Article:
This volume began as a remembrance of Alonzo Church while he was still with us and is now finally complete. It contains papers by many well-known scholars, most of whom have been directly influenced by Church's own work. Often the emphasis is on foundational issues in logic, mathematics, computation, and philosophy - as was the case with Church's contributions, now universally recognized as having been of profound fundamental significance in those areas. The volume will be of (...) interest to logicians, computer scientists, philosophers, and linguists. The contributions concern classical first-order logic, higher-order logic, non-classical theories of implication, set theories with universal sets, the logical and semantical paradoxes, the lambda-calculus, especially as it is used in computation, philosophical issues about meaning and ontology in the abstract sciences and in natural language, and much else. The material will be accessible to specialists in these areas and to advanced graduate students in the respective fields. (shrink)
Some religious believers may see synthetic biology as usurping God's creative role. The CatholicChurch has yet to issue a formal teaching on the field (though it has issued some informal statements in response to Craig Venter's development of a ‘synthetic’ cell). In this paper I examine the likely reaction of the Catholic Magisterium to synthetic biology in its entirety. I begin by examining the Church's teaching role, from its own viewpoint, to set the necessary backround (...) and context for the discussion that follows. I then describe the Church's attitude to science, and particularly to biotechnology. From this I derive a likely Catholic theology of synthetic biology.The Church's teachings on scientific and biotech research show that it is likely to have a generally positive disposition to synbio, if it and its products can be acceptably safe. Proper evaluation of, and protection against, risk will be a significant factor in determining the morality of the research. If the risks can be minimized through regulation or other means, then the Church is likely to be supportive. The Church will also critique the social and legal environment in which the research is done, evaluating issues such as the patenting of scientific discoveries and of life. (shrink)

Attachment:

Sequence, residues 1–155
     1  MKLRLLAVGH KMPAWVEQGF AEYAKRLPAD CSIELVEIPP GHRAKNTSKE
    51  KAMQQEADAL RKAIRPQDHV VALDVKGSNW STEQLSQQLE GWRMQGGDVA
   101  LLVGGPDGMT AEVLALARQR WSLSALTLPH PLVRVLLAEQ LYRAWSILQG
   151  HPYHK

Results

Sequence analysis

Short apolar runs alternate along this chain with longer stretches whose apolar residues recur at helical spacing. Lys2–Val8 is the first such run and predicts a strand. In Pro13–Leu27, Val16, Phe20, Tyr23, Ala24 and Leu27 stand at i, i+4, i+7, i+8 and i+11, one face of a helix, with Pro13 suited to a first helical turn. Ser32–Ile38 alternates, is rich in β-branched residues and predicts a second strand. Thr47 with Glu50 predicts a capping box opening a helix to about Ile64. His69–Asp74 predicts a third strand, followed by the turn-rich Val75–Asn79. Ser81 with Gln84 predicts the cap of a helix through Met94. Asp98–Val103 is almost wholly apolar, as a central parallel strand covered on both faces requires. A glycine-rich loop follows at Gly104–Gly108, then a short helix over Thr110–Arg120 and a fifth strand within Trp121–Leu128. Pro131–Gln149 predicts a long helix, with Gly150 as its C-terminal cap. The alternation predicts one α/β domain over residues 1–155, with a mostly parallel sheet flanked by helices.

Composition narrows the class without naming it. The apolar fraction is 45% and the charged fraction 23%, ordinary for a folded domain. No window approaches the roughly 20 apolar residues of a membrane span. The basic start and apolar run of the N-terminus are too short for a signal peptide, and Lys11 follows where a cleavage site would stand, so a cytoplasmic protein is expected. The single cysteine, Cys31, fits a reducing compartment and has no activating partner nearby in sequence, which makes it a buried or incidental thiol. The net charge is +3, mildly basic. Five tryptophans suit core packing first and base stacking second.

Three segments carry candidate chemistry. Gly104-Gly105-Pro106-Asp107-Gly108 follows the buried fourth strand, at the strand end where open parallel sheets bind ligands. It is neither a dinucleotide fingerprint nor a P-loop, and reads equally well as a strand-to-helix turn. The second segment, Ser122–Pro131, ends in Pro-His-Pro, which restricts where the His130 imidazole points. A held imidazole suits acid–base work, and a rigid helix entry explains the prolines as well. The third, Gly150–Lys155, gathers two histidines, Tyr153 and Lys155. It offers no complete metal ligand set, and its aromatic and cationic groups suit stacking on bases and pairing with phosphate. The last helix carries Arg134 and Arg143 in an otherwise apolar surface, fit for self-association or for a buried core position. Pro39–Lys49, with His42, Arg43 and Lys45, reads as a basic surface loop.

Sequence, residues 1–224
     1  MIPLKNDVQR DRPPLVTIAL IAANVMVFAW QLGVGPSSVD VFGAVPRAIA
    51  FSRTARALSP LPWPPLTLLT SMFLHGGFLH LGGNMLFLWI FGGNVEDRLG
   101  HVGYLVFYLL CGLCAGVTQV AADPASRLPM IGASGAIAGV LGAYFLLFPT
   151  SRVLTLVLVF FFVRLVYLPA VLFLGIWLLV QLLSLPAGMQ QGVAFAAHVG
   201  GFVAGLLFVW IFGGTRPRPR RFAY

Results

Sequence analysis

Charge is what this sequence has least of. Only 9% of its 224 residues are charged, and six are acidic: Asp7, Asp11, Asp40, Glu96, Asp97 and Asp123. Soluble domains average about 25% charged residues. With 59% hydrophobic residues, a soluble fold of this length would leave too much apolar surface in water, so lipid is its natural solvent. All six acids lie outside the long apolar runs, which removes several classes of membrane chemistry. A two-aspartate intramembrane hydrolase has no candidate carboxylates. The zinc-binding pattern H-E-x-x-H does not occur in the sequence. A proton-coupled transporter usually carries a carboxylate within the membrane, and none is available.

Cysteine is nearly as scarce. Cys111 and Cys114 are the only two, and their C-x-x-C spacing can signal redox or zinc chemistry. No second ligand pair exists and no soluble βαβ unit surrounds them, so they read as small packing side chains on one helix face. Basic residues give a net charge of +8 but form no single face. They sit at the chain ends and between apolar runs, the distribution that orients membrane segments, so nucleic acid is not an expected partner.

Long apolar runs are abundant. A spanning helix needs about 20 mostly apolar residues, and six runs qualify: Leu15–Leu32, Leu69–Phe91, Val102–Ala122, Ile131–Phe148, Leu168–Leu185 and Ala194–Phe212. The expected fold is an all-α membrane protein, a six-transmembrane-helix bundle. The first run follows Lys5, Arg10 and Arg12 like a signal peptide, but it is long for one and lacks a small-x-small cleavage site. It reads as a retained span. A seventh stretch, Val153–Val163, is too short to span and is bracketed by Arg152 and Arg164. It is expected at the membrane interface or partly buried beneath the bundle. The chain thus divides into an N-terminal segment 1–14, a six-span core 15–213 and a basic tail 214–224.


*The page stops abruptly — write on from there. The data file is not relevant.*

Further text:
O artigo aqui apresentado propõe uma leitura teológico-pastoral dos resultados do último Censo do IBGE 2010– Instituto Brasileiro de Geografia e Estatística – sobre religião no Brasil, publicados em julho de 2012, recorrendo também ao estudo da Fundação Getúlio Vargas – O novo mapa das religiões – publicado em 2011, e à pesquisa encomendada pela Arquidiocese de Belo Horizonte sobre Valores e religião na região metropolitana, cuja realização se deu em 2012. A leitura proposta pelo artigo toma em conta sobretudo (...) o que os dados dessas pesquisas dizem da igreja católica. Após um breve comentário de alguns elementos apresentados por tais pesquisas, o texto propõe algumas chaves de interpretação. Começa com uma leitura de tipo sociorreligioso, mostrando que a queda acentuada da pertença ao catolicismo é o resultado da saída de uma religião de tipo ‘ambiental’ e herdado para uma religião de ‘convicção’, de caráter ‘confessante’. Num segundo momento apresenta algumas raízes dessa maneira de compreender a fé no Novo Testamento e na leitura sobre a natureza e a missão da igreja feita pelo Concílio Vaticano II. Conclui, enfim, com algumas considerações de tipo pastoral, apontando não tanto para as soluções levantadas pela queda da pertença ao catolicismo, mas para as atitudes que uma igreja ‘confessante’ deve assumir na hora atual. Palavras-chave: Censo IBGE 2010. Censo das Religiões. Igreja Católica no Brasil. Leitura teológicaThe article proposes a theological-pastoral reading of the results of the most recent Census by the IBGE 2010 – Instituto Brasileiro de Geografia e Estatística – regarding religion in Brazil, published in July 2012, while also drawing on a study by the Fundação Getúlio Vargas – O novo mapa das religiões (The new map of religions) – published in 2011, and on the research project sponsored by the Archdiocese of Belo Horizonte regarding Valores e religião na região metropolitana (Values and religion in the metropolitan region), which was carried out in 2012. The reading proposed by this article focuses especially on what the data from these investigations says about the CatholicChurch. After commenting briefly on some elements presented by the research, the text proposes some interpretive keys. The first is a socio-religious reading, showing that the steep decline in rates of belonging to Catholicism is the result of the shift from an “environmental” and “natal” type of religion to a religion of “conviction,” with a “confessional” nature. Secondly, the article presents some roots of this way of understanding faith in the New Testament and in the Second Vatican Council’s reading of the nature and mission of the Church. Finally, it concludes with some pastoral considerations, pointing not so much to solutions regarding the decline in Catholic belonging, but rather to the attitudes that a “confessional” church should have in our time. Key-words : IBGE Census 2010. Census data on religions. CatholicChurch in Brazil. Theological reading. (shrink)